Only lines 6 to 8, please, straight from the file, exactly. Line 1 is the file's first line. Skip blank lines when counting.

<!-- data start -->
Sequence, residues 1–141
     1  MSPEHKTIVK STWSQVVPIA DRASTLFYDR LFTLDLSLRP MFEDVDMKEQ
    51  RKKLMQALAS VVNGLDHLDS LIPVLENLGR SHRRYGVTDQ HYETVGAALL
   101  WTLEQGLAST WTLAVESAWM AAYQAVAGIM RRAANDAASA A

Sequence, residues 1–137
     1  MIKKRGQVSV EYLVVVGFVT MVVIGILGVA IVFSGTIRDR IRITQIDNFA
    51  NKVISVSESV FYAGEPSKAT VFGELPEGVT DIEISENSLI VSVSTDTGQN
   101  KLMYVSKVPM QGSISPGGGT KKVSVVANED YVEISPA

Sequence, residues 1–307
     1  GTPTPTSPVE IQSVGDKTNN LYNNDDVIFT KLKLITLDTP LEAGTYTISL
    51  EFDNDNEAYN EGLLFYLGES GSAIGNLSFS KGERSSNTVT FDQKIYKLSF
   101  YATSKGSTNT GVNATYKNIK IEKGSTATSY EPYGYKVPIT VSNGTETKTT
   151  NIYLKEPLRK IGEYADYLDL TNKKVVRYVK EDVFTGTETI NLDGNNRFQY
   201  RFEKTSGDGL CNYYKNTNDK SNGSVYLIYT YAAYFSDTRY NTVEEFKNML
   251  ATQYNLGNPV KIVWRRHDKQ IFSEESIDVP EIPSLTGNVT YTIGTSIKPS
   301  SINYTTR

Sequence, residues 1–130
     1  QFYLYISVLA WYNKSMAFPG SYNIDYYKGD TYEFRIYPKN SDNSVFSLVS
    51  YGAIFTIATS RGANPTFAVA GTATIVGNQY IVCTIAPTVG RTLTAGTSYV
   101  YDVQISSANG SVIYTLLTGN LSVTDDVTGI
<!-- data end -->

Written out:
     1  MIKKRGQVSV EYLVVVGFVT MVVIGILGVA IVFSGTIRDR IRITQIDNFA
    51  NKVISVSESV FYAGEPSKAT VFGELPEGVT DIEISENSLI VSVSTDTGQN
   101  KLMYVSKVPM QGSISPGGGT KKVSVVANED YVEISPA